Make it Rememberance Day, It Was Never About Veterans

    Vets and Military Burned Down Their Community Long Ago


    By Gordon Duff, Senior Editor

    It’s Veterans Day again, my 50th now.  We begin.

    The scene above is from The Best Years of Our Lives.  For those of you who haven’t seen the film, this is a bit of a spoiler.  My assignment for you is to watch the film, even if you have to rent it online for a couple of bucks.

    I am at an end with Veterans Day and the parades and “honoring.”  As a combat vet, it was always bullshit, hollow crap that made my skin crawl.  I have held that back for half a century, not anymore.

    10 children murdered by a USAF Major flying an F16 over Afghanistan

    The real holiday is Remembrance Day, and it is an anti-war holiday.  Nothing about military or uniforms or drum beating.  It’s about pain and suffering, bombed out cities, refugees, concentration camps, children without parents, broken bodies and lives ground into nothingness.

    No tearful dragging out the medals and crying around a flag.  I spent years as a photographer and historian documenting battlefields, the monuments from the world wars, the graveyards.  Before digital, I have enough photographs to fill a steamer trunk.

    Watch the movie.

    It is the job of each of us to stop those who promote war, particularly those who have never known war.  Think of Colonel Lindsey Graham, a fake Air Force lawyer who joined to have sex with young airmen and then promoted himself to Colonel with a fat retirement after serving no active duty at all.  The pilots from Charleston would hang him by his gonads if allowed, he is despised.

    I was stupid enough, raised on John Wayne films, to join the Marine Corps in 1968, refuse a commission and see combat in Vietnam.  What I saw was injustice and corruption, a Marine Corps as corrupt and incompetent as any organization on earth.  I served with great people.  They were great.  This is what my good friend, then Corporal Karl Foster of Albuquerque said often:

    “The Marine Corps is a festering pimple on the asshole of my sanity.”

    He had it engrave on his Zippo lighter.  Karl has been dead now for 48 years.  Many of my best friends have been dead for 48 or 49 years, a bit of a coincidence.

    Home base for Marines in Vietnam, photo by Gordon Duff 1969

    Vietnam was a slaughter, a thousand miles beyond the wars in Iraq and Afghanistan we hear so much whining about on TV nowadays.  It was supposed to be a lesson, for America to stop trying to rule the world and for Americans to stop killing on behalf of liars, cowards and phonies.

    This is why we have “Remembrance Day,” so that those awake, alive and alert might remember that cowards and assholes like Trump and “W,” men who shirk the wars they love so much, are the real enemy of humanity.  America has no enemies, America is an idea long dead, dead at the hands of the ignorant who pissed on our honor and freedoms after 9/11, warring on the poor and innocent on behalf of Wall Street and Israel.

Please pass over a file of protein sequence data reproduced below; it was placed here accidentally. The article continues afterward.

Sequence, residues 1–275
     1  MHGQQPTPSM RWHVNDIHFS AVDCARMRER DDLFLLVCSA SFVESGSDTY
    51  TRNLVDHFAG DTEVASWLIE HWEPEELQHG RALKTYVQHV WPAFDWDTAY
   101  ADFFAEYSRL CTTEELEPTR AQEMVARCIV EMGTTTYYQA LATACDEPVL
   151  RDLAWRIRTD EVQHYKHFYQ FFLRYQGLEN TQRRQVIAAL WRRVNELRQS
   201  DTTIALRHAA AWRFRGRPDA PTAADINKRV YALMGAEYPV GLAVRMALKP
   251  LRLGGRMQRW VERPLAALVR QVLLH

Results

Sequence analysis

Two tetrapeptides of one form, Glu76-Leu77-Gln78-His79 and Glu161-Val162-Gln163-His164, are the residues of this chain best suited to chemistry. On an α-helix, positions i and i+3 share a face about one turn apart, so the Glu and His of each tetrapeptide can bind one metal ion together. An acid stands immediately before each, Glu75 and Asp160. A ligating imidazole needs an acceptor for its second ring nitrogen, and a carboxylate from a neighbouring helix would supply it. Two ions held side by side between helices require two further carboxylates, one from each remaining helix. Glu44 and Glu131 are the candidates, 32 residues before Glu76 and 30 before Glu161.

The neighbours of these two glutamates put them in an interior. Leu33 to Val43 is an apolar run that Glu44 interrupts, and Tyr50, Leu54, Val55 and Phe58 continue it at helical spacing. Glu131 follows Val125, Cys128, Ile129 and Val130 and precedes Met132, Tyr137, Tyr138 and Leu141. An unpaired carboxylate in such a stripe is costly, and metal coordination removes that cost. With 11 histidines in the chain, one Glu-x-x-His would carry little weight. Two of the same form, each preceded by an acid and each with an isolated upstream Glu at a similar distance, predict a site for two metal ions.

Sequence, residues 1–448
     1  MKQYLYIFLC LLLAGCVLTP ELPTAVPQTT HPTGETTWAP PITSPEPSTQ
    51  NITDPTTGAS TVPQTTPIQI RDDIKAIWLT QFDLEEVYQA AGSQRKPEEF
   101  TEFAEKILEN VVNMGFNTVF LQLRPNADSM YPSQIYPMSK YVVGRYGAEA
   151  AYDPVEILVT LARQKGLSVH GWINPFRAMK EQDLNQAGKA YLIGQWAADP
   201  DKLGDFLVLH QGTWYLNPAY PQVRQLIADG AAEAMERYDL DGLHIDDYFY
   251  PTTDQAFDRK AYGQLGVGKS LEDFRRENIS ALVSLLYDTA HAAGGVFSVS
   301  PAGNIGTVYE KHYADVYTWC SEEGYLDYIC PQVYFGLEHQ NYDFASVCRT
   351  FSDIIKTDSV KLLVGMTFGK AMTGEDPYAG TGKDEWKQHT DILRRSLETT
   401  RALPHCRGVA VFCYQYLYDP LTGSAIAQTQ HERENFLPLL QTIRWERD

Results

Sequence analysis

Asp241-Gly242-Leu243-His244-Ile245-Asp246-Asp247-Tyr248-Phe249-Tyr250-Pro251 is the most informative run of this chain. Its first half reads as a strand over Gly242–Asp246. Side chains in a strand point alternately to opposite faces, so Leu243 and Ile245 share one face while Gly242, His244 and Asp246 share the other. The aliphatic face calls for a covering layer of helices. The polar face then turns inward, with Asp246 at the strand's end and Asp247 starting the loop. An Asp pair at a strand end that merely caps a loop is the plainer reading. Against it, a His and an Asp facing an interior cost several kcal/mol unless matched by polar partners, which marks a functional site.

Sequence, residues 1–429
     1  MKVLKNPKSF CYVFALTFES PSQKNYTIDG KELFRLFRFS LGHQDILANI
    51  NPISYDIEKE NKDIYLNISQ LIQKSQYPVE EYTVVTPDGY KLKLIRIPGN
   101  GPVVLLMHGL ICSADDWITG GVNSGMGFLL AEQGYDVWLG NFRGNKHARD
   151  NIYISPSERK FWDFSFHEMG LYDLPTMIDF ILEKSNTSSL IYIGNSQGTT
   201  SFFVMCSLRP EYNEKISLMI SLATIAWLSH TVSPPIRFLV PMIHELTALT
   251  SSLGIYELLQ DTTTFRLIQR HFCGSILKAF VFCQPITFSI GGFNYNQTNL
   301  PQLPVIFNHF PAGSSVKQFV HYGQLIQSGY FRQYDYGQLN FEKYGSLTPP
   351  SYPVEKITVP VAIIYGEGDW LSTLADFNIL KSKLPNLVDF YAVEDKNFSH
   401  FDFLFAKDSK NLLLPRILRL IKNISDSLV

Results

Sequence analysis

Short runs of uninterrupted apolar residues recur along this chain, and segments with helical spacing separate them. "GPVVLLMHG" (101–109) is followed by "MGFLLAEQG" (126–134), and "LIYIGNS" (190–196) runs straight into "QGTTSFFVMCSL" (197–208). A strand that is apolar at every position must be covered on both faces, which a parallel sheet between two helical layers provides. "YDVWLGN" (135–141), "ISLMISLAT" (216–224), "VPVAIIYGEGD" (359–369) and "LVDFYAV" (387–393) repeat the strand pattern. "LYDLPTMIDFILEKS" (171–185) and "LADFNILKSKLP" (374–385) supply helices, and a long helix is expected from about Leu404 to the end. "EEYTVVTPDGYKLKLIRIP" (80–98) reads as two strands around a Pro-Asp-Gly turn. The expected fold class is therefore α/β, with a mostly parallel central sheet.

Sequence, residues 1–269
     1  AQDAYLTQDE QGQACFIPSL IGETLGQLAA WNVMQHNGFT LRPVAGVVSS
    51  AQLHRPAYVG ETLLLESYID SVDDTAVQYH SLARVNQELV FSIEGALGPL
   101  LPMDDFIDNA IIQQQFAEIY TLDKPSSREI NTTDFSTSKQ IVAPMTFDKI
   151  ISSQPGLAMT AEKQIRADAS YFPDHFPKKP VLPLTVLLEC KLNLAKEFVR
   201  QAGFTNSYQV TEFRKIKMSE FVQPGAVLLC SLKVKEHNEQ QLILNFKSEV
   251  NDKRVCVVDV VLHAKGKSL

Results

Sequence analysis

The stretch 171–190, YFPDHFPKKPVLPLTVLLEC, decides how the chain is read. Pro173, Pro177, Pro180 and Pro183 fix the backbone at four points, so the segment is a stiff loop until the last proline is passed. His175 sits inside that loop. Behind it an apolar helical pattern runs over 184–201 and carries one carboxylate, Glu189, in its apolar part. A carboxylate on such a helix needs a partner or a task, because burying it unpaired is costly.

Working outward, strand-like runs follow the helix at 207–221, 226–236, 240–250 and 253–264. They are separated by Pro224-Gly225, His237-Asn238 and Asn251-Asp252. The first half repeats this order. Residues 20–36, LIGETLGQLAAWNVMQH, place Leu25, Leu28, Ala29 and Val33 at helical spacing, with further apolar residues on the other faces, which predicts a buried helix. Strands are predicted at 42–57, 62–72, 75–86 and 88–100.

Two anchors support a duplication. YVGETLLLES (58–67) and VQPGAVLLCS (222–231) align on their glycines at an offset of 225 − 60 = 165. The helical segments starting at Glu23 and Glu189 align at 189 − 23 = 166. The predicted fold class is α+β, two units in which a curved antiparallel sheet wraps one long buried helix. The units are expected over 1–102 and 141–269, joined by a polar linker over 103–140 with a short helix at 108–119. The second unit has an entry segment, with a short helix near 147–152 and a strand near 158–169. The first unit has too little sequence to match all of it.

Not everyone has the benefit of what so many of us learned in Vietnam.  Of those who learned and are still alive, too many have forgotten the real values we learned, the real nature of comradeship, of our collective hatred of war and America’s military machine and the suffering it caused.

    It is so difficult to put aside the fear, the exceptionalism, the fake patriotism and remember that we are simply human beings.

    From what I see of today’s military experience, it is remote from what American’s saw in two hundred years of equally insane wars.  Air conditioning and catering, fat paychecks, this is supposed to make illegal occupation and enslavement of free people justified.

    Our excuse was either the draft or, for some of us, simply curiosity.  I got my fill of curiosity.

    Leave the flags home, see this film, maybe some others, Gettysburg for instance, Full Metal Jacket.

    Piss on Schindler’s List, by the way, a well made film of total fiction.

    To the list:

    Platoon, Das Boot.  I just went through a series of top 100 film lists, they were offensive.

    America has troops at war, many highly paid professionals operating illegally aided by tens of thousands of private military contractors and up to 80,000 Saudi paid terrorists with ISIS and al Qaeda.

    Along with that, the US has along with its arsenals the Nazi gangs of Eastern Europe, a pack of thugs and murderers.

    If our next war, a war to the death, was against those who have sold us the last few wars, this might well be something I could get behind.  But today’s military is silenced, no whistelblowers but a handful, no protests, no video, no fragging stories, only silence.